Clearly, that is something really useful to my life. While there are lots of principles from the book I'll be implementing, I've been focusing on one strategy that they say is very clearly tied to moving information from short to long term memory: retrieval practice.
The concept, in its most basic form, is self-quizzing. The way most people study is they go over a list of topics, and run through them once or twice. Maybe you make flashcards. And as soon as you've gotten them right at least once, you figure out know them and move on.
But that's not knowledge. That's the illusion of mastery.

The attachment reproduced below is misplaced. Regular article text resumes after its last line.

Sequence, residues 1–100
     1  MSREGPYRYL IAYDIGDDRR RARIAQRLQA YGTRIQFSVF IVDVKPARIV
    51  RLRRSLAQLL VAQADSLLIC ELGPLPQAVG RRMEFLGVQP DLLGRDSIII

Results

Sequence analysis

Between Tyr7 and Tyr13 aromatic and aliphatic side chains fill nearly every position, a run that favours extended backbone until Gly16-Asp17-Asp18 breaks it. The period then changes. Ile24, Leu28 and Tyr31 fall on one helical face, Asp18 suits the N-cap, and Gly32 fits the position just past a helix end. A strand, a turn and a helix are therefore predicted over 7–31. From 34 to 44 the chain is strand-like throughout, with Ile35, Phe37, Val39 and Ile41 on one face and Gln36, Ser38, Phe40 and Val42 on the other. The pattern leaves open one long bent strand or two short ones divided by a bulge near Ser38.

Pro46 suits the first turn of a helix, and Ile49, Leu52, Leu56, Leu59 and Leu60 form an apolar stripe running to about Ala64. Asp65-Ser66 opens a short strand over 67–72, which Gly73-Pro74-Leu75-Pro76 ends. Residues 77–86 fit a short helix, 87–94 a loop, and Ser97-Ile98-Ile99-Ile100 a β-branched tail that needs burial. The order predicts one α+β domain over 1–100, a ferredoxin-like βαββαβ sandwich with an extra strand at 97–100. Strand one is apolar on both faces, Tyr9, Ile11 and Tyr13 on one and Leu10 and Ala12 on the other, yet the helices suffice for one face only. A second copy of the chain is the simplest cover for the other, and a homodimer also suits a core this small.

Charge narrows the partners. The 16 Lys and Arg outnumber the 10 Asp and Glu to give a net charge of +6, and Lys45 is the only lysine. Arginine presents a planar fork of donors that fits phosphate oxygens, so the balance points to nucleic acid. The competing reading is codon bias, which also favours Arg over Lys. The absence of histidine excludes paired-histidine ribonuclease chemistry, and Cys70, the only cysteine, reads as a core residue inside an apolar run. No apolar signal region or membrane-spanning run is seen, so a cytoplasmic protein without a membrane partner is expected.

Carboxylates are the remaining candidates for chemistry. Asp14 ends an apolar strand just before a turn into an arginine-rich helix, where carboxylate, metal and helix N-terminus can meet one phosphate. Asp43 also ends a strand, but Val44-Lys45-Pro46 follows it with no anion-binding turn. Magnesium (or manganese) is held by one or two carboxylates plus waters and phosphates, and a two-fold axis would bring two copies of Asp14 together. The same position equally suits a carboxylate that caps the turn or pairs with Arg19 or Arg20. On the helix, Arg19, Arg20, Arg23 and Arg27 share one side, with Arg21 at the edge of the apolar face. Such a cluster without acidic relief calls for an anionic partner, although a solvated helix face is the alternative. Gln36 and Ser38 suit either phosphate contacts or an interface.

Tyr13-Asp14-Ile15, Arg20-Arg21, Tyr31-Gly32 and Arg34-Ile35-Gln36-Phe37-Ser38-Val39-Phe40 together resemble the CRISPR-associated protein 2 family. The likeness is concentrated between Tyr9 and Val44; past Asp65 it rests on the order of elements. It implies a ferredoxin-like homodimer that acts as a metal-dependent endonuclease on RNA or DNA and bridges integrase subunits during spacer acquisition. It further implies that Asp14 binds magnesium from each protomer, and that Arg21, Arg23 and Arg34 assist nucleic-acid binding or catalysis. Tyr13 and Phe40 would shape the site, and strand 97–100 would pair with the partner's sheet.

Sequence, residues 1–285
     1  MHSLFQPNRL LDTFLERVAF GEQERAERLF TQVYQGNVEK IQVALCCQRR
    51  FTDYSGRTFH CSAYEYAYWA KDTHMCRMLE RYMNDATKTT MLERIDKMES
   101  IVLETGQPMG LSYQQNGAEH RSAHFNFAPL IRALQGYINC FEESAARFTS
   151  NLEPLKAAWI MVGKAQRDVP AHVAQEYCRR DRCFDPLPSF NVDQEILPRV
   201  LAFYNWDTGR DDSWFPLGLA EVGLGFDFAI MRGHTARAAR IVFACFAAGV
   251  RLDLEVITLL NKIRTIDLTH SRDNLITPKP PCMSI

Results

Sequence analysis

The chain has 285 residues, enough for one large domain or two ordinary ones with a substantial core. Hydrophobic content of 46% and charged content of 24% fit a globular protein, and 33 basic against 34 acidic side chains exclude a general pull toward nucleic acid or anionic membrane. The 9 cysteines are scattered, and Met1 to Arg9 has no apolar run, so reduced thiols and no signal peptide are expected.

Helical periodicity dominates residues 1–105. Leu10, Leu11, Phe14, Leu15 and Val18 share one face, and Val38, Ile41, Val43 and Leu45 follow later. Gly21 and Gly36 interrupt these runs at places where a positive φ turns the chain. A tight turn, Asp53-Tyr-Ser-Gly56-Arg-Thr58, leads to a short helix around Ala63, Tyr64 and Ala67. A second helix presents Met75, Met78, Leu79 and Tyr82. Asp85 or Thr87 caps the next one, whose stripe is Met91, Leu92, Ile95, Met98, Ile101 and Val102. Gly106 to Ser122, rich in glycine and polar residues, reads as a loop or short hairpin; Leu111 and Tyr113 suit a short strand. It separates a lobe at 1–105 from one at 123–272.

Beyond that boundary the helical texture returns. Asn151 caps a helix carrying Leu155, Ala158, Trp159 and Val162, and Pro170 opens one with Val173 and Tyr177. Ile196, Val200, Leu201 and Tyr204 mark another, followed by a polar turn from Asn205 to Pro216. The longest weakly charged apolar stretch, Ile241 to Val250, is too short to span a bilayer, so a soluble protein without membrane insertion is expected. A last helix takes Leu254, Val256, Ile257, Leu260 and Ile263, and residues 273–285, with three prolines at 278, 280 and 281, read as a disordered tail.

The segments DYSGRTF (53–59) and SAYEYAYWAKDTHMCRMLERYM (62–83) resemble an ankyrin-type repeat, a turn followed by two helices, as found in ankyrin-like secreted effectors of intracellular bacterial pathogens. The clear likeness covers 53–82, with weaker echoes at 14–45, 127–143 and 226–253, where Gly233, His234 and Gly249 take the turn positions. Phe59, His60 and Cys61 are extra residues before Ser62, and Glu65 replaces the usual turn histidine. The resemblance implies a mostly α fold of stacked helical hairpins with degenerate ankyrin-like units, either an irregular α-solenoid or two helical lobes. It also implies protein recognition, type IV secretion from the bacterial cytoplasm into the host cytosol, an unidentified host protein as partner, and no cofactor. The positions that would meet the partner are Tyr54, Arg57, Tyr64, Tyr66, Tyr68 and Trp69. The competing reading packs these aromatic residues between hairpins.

So how do you know if you really know something? By simulating testing conditions and forcing yourself to work harder to pull the information from memory. Practically, that means closing the book or the laptop and going back through the concept and asking yourself questions to test understanding instead of basic recall.
That is such a powerful concept that I decided I was going to implement it immediately with my 6th graders.
The problem that immediately surfaced is that I run a student-centred PBL constructivist classroom. There isn't direct instruction. There isn't lots of factual information.
Or so I thought.